Even if the term "flex-office" has entered the common language and has become more democratic, the need for support for employees should not be underestimated: from the management team to the employees. Parella helps its clients to build and appropriate spaces before, during and after their transition to flex-office, via several activities: co-construction workshops, webinars, feedback, post-move adjustments...

A reinforced requirement on the working environment.

As for the key criteria relating to the premises, employees place their location first, followed by the layout of the spaces. 71% of the employees surveyed* consider the work environment as a decisive factor in their choice of a company or in their loyalty to it.

Thibaud Poirier for Parella

In concrete terms, what are the consequences
on your real estate strategies?

Each organization can activate one or more levers depending on its legal, organizational, financial and cultural constraints. At the beginning of 2023, the underlying trends are as follows:

A decrease in surface areas in the IDF

Some companies take advantage of their move to go into flex-office. Others decide to postpone this decision until later, "when the growth will be there". One thing is certain: most business leaders are now asking themselves the question of flex-office.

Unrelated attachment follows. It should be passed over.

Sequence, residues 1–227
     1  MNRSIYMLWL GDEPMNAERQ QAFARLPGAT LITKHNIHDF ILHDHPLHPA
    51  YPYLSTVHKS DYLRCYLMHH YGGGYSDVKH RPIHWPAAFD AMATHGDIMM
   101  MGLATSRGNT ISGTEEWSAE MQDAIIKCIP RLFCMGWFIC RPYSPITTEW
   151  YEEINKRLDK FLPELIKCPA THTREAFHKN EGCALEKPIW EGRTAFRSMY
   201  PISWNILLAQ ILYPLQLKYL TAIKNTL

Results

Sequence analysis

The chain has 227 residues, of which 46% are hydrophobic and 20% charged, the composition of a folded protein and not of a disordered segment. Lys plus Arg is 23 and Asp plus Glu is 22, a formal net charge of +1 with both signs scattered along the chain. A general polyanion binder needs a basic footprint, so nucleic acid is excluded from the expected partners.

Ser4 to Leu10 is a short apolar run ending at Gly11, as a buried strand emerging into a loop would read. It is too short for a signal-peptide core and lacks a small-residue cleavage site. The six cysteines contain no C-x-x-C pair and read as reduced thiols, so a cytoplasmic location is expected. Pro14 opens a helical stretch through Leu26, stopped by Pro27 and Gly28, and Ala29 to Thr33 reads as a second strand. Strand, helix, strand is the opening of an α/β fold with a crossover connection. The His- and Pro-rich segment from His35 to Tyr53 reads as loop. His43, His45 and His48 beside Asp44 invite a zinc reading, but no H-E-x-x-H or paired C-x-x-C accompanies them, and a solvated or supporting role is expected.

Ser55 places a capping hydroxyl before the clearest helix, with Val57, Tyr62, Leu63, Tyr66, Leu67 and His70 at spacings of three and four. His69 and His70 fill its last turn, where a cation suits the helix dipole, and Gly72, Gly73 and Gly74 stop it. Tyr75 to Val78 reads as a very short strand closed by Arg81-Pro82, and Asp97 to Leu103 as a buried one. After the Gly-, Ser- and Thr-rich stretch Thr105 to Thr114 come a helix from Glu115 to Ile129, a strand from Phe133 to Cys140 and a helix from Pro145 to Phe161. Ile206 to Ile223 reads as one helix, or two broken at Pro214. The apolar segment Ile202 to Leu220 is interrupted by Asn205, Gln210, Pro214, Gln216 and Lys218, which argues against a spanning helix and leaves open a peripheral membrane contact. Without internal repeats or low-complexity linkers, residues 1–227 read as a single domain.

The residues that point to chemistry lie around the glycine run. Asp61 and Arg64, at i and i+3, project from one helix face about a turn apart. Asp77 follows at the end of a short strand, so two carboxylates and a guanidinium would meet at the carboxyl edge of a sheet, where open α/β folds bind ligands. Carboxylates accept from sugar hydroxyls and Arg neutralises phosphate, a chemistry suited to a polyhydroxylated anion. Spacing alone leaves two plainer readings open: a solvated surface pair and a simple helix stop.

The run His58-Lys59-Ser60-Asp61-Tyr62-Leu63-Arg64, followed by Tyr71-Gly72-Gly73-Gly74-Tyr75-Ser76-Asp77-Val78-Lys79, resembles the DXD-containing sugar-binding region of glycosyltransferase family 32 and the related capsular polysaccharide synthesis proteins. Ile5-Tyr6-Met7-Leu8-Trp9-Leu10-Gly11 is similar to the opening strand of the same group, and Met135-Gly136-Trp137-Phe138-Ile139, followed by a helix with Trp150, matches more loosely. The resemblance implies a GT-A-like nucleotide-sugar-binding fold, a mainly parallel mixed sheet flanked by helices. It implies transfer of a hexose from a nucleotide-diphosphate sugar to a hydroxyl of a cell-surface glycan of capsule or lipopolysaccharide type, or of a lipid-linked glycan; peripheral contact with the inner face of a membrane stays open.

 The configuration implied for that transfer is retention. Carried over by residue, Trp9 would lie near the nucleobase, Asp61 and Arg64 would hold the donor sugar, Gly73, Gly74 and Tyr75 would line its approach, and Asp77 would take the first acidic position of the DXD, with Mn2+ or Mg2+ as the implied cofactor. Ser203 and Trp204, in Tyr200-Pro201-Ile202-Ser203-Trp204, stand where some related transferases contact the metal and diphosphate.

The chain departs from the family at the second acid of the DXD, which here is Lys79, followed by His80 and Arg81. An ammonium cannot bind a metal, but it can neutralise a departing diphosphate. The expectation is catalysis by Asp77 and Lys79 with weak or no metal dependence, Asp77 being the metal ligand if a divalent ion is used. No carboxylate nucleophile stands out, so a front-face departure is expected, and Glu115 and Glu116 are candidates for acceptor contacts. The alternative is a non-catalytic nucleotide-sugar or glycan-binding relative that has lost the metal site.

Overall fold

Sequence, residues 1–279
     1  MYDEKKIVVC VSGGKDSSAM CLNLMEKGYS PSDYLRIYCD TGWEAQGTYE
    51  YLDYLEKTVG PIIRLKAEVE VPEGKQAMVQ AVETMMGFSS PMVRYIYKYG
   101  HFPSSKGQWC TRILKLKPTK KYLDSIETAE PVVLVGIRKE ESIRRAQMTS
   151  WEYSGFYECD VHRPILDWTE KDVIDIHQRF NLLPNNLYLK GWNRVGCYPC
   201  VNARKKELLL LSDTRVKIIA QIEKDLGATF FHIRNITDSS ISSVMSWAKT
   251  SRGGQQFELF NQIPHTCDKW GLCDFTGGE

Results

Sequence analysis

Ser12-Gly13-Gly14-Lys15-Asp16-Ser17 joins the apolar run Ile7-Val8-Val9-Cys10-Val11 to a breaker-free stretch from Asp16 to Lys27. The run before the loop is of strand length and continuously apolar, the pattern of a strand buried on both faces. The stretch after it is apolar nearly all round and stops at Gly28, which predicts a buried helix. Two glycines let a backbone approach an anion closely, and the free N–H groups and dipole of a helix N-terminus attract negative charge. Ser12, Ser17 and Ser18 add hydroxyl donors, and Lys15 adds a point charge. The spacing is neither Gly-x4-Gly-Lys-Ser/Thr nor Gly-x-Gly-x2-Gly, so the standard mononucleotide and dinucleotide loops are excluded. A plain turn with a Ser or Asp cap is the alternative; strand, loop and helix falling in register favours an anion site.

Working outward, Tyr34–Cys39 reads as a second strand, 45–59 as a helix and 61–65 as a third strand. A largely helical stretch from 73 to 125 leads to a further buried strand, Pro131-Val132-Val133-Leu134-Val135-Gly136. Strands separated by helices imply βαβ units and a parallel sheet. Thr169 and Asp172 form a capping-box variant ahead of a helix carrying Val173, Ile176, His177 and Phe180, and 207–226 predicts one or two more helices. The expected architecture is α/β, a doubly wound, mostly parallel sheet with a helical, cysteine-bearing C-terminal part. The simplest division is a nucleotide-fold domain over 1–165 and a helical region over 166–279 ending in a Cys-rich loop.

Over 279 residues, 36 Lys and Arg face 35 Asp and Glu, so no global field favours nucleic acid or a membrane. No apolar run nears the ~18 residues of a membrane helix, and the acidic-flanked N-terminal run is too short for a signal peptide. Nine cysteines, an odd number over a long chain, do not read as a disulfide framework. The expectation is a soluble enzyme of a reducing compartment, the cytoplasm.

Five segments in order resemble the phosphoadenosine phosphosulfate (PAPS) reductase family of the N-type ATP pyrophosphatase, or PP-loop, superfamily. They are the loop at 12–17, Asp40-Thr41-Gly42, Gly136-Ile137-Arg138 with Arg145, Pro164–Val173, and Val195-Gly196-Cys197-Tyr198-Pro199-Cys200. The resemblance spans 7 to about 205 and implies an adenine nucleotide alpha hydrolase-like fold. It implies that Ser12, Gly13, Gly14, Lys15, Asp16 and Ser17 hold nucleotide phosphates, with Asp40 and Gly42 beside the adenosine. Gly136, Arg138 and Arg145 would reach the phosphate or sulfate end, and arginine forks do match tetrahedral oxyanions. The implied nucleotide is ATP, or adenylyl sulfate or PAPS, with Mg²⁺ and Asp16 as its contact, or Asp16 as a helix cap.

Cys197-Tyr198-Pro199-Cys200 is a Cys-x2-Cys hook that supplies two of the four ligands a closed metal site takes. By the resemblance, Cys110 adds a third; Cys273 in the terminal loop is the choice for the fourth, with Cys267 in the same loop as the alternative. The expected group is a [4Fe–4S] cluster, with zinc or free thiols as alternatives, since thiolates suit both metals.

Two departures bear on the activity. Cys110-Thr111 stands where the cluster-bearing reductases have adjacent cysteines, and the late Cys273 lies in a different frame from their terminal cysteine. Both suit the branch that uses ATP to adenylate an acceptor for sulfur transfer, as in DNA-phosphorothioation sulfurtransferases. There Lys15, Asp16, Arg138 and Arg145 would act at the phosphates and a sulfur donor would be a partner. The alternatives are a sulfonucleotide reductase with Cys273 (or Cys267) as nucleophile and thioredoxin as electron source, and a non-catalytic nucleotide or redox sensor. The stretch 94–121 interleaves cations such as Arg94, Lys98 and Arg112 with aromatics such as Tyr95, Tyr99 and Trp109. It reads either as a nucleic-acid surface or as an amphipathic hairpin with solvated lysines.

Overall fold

In 2022, Parella supported the companies Butagaz and Sextant Expertise, which decided to move to a flex-office. This enabled them to give back nearly half of their surface areas.

To accurately measure the impact of this decrease in m², a number of parameters must be taken into account. If the number of workstations decreases, collaborative spaces dedicated to formal and informal exchanges should not be neglected. If employees come to the office, it is to see each other.

A desire for centrality

The budgetary pressure on companies is nowadays strong for a majority of them. However, the optimization of space allows many to "afford the luxury" of improving their location and the accessibility of their offices. Also, this arbitration is often motivated by the desire to retain talent in a more demanding working world. As well as the desire to offer a nice showcase to their clients.
Most of the demand for office space has been in "central" areas. For example, in 2022, Paris will account for 47%** of the volume placed in Île-de-France, compared with 38% in 2019**.

An increased need for agility

COVID has undeniably shaken the certainties of some and others about the future. More and more General Management teams are putting flexibility at the heart of their thinking, notably through :

  • Firm lease terms reduced: We are currently assisting a client in a search for 10,000 sq.m. under a firm 6-year lease, whereas traditionally 9-year firm leases were used for this space segment.
  • Maximized sublease clauses: More permissive subleasing up to sometimes 90% allowed to outside companies.
Some managers are also ready to pay for almost total flexibility by freeing themselves from traditional 3/6/9 year leases. For this, they movetowards operated offices or coworking spaces.

A different distribution of work budgets